The Bernese Mountain Dog is the right companion for you if you want a breed with a more leisurely temperament. The original breed name Dürrbächler, after a village in the canton of Bern, has not caught on. Would the Bernese Mountain Dog have made the same career under this name as it looks back on today?
From farm to scene
In rural Switzerland, the Bernese Mountain Dog was widespread. There he guarded flocks, house, and yard; but its power was also used as a draft dog in front of milk carts. The breed has been systematically bred since 1892. In 1910, the Bernese Mountain Dog came to Germany and aroused the interest of dog lovers at a dog show in Burgdorf, Lower Saxony.
Nature of the Bernese Mountain Dog
The character of the Bernese Mountain Dog radiates comfort, which is also reflected in its good-natured nature. Bernese Mountain Dogs are generally considered to be affectionate, but they can also be quite bitchy sometimes. The breed is not recommended as a family dog that grows up with children. In any case, don’t skimp on stroking the fluffy giant, and don’t leave him alone for long. However, the Bernese Mountain Dog can also be stubborn and surprise people with their own ideas. On the other hand, the character of a well-trained Bernese Mountain Dog is characterized by anticipatory obedience: the animal thinks for itself and instinctively makes the right decisions. Your life alongside a Bernese Mountain Dog will certainly not be boring.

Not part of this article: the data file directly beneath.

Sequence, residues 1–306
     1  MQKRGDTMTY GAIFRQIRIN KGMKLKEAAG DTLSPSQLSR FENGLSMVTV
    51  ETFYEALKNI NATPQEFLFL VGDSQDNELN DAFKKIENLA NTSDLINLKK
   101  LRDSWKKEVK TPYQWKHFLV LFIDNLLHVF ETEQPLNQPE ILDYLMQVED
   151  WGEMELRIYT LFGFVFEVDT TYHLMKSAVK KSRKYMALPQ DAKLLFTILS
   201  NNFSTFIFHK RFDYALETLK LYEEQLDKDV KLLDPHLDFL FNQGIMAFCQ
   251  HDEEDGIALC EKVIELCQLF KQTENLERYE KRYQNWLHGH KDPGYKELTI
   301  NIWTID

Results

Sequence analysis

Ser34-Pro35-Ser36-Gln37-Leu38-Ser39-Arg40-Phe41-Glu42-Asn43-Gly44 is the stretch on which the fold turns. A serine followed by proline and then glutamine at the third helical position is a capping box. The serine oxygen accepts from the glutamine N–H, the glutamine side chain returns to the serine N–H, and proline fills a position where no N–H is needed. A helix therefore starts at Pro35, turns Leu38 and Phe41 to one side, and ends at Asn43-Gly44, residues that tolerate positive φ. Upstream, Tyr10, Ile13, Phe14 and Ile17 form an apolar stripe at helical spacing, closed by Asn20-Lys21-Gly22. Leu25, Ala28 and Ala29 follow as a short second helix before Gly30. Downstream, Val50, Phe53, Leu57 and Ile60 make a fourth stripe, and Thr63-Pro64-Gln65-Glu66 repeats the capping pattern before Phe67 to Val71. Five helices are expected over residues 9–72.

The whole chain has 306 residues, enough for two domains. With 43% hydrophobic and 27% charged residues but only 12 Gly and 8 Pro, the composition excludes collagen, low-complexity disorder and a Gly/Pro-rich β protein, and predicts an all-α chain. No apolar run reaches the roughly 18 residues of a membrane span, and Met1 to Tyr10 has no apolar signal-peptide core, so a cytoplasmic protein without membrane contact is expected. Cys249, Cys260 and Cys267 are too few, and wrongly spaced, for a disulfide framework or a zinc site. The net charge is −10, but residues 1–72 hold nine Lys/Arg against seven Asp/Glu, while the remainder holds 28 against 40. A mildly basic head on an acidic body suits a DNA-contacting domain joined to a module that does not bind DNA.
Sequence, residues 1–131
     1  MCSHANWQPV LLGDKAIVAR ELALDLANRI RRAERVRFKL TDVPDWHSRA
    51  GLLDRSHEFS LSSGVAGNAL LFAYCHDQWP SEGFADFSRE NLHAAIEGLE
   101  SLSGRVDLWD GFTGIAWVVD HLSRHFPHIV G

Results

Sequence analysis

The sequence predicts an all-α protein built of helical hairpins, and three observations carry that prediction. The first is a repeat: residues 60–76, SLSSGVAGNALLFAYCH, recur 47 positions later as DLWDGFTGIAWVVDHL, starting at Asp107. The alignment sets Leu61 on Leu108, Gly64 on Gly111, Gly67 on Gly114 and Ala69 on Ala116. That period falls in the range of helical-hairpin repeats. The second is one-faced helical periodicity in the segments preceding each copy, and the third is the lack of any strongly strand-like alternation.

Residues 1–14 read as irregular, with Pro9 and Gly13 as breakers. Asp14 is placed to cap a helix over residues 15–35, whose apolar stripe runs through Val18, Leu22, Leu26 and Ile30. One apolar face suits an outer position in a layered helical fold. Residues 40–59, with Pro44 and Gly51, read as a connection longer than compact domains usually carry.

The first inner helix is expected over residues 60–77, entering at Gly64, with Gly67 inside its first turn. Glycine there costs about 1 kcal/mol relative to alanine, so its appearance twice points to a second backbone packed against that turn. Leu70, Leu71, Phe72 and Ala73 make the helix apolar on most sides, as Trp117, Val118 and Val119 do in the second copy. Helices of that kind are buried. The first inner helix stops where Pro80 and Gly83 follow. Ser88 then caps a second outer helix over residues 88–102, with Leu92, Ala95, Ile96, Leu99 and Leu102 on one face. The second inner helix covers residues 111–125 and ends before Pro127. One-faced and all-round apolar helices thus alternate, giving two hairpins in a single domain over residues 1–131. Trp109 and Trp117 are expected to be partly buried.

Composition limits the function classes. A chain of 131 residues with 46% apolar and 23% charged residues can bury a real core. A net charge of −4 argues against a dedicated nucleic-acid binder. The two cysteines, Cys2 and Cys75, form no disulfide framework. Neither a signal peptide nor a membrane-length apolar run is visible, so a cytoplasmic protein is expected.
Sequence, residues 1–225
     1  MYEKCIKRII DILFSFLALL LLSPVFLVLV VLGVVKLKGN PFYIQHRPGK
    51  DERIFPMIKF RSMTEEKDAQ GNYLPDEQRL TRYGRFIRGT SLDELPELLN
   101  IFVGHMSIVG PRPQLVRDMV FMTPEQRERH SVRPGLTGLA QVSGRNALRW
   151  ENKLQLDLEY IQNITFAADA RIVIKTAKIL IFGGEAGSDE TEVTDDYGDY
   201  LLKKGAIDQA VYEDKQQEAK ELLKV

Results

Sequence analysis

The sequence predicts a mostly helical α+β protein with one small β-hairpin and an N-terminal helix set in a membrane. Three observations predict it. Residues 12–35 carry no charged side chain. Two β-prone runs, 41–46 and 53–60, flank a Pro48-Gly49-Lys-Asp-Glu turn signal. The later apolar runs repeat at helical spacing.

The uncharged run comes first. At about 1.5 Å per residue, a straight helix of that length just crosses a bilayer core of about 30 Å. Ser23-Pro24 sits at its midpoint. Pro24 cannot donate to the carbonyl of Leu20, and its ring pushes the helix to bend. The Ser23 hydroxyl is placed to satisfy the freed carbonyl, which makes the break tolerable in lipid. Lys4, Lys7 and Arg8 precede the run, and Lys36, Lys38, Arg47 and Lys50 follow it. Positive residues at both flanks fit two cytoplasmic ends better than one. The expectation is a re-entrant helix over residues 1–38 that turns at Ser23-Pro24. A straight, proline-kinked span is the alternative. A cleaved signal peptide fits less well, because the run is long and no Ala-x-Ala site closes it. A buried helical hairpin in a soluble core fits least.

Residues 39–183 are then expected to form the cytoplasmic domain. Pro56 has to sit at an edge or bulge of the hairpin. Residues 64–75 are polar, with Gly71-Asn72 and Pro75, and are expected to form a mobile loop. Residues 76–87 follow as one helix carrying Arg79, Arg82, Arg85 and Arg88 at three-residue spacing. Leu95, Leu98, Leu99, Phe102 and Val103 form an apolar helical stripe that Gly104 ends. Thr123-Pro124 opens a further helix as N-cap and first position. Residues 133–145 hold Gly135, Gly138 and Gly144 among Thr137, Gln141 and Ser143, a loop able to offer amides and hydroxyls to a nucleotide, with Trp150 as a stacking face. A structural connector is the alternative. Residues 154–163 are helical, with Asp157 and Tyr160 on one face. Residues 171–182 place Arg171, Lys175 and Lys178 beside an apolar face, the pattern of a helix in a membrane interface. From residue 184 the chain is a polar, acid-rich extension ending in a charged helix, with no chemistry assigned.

Training and keeping the Bernese Mountain Dog
The Bernese Mountain Dog is not a lively sports aces but likes to exercise and needs a lot of exercise. Long walks are more his thing than tireless romping. It is ideal as a companion for long hikes, but not as a sporty jogging or cycling partner. His hunting instinct is only moderately developed, agility sport is not for him. But as soon as he sees snow, the Bernese Mountain Dog is unstoppable: he loves to romp around in winter.
He also knows exactly what he wants. When he doesn’t feel like it, he puts his lop ears on draft and shows himself to be a joker with a penchant for nonsense. When training the Bernese Mountain Dog, you have to show consistency, empathy, and patience, even if the gentle giant acts as a charming slob. Your living situation is important for keeping a Bernese Mountain Dog: The large dog needs a lot of space. A home with access to the garden is ideal.
Grooming of the Bernese Mountain Dog
When it’s cold he feels good, when it’s hot his coat makes him dizzy. To keep the Bernese Mountain Dog’s coat in order, you should brush it out at least every two days. Daily grooming is recommended during the change of coat. The Bernese Mountain Dog only needs a bath in exceptional cases. Pay attention to the composition of the food, especially for young dogs: As with other large dog breeds, the food should not be too rich in protein, as this can promote diseases during growth. Because of its size, the Bernese Mountain Dog is prone to hip and elbow dysplasia. Stomach torsion, kidney failure, and an increased risk of cancer (histiocytosis, lymphosarcoma) are other diseases typical of the breed.